or 300 M
1pF
4.7 pF = 25pF
8.6 fF =
11.5 fF
Table 2: List of the values of the model parameters. Detector on the left, readout electronics on the right.
Figure 5: Simulated input signal.

The shape of the injected current is shown in figure 5. It is characterized by a rise time of 2 ns and total integrated charge around 4 fC. The rise time of the diode laser we have used for our study is around 2 ns (measured with a high bandwidth photodiode), similar to the simulated one. The model of the read-out electronics connected to the ends of each strip consists in a generic charge sensitive preamplifier followed by a CR-RC filter, whose peaking time matches that of the Beetle chip. The front-end schematics is shown in figure 4 and the parameter values are listed in table 2.

The signal generator was connected to different points along the implant of the central strip with a step of 2 mm and the shapes of the current pulses, propagated to the entrance of the opposite charge-sensitive preamplifiers, have been recorded as well as the output response of the shapers. The current pulse read at the entrance of the preamplifier connected to the first cell of the strip (corresponding to the position 0 mm) is shown in figure 6 for each injection point and for both prototypes. As expected, the simulation confirms that the further the pulse travels the more its amplitude decreases and its rise time increases and stronger effects can be observed for higher values of the electrode resistance.

(a) (b)

Figure 6: Attenuation of the signal read at the entrance of the amplifier connected to the strip end in the corresponding position 0 mm. The results are shown for different positions of the pulse generator along the strip for =2.8 m (a) and =12.2 m (b).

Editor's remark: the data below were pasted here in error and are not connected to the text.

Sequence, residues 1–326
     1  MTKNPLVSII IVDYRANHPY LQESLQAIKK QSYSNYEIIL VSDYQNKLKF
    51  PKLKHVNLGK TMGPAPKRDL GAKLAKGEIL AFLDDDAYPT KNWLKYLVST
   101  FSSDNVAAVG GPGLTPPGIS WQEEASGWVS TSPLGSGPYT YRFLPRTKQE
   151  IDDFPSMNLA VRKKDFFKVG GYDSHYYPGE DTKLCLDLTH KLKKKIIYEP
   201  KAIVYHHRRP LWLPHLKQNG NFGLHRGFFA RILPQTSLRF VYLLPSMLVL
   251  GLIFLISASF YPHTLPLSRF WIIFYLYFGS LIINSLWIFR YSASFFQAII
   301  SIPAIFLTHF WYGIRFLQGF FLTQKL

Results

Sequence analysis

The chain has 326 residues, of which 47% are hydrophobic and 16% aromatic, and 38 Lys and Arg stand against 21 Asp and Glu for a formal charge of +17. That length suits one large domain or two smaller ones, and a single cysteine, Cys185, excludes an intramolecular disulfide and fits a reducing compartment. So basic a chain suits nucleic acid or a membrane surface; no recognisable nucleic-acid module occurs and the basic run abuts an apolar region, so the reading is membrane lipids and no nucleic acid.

(a) (b)
Figure 7: Simulated fractional position against the actual one for both values of the electrode linear resistance: =2.8 m and =12.2 m (a). The values have been compared to the linear prediction (green line). The residual plot (b) shows that for a peaking time of the analog front-end electronics equal to 25 ns, the linearity of the response of the detector suffers higher degradation for higher values of the electrode resistance.

The dependence of the response linearity on the resistance is clearly seen in figure 7. According to equation 1, with and the amplitudes of the signal read at the output of the front-end electronics connected to the first and the last cells of the central strip respectively, the derived fractional position () versus the injection point () of current signal is shown. The data related to the more resistive prototype reveal a clear separation (larger residuals spread) from the ideal values due to the ballistic deficit whose effect increases with the distance covered by the signal from the point of generation. It is worth to note also that in the case of the low resistivity prototype, even for the more attenuated pulse, the rise time is around 10 ns, still only at 40% of the Beetle peaking time. Therefore the effect of the ballistic deficit in this sensor is highly suppressed.

3 Laser characterization of proof-of-concept prototypes

3.1 Experimental setup

Each sensor was mounted in a dedicated PCB sensor carrier and read out using an ALIBAVA DAQ system. The ALIBAVA is a DAQ system for the readout of microstrip sensors based on the Beetle analog readout ASIC. The Beetle integrates 128 pipelined channels with low-noise charge-sensitive preamplifiers and shapers with a peaking time of about 25 ns. Each detector board has two Beetle chips, each one bonded to one side of 128 strips of the sensor like in figure2.

Figure 8: Experimental setup. The micro focusing optical head mounted on the 3D axes stage is placed a few millimeters upon the detector board.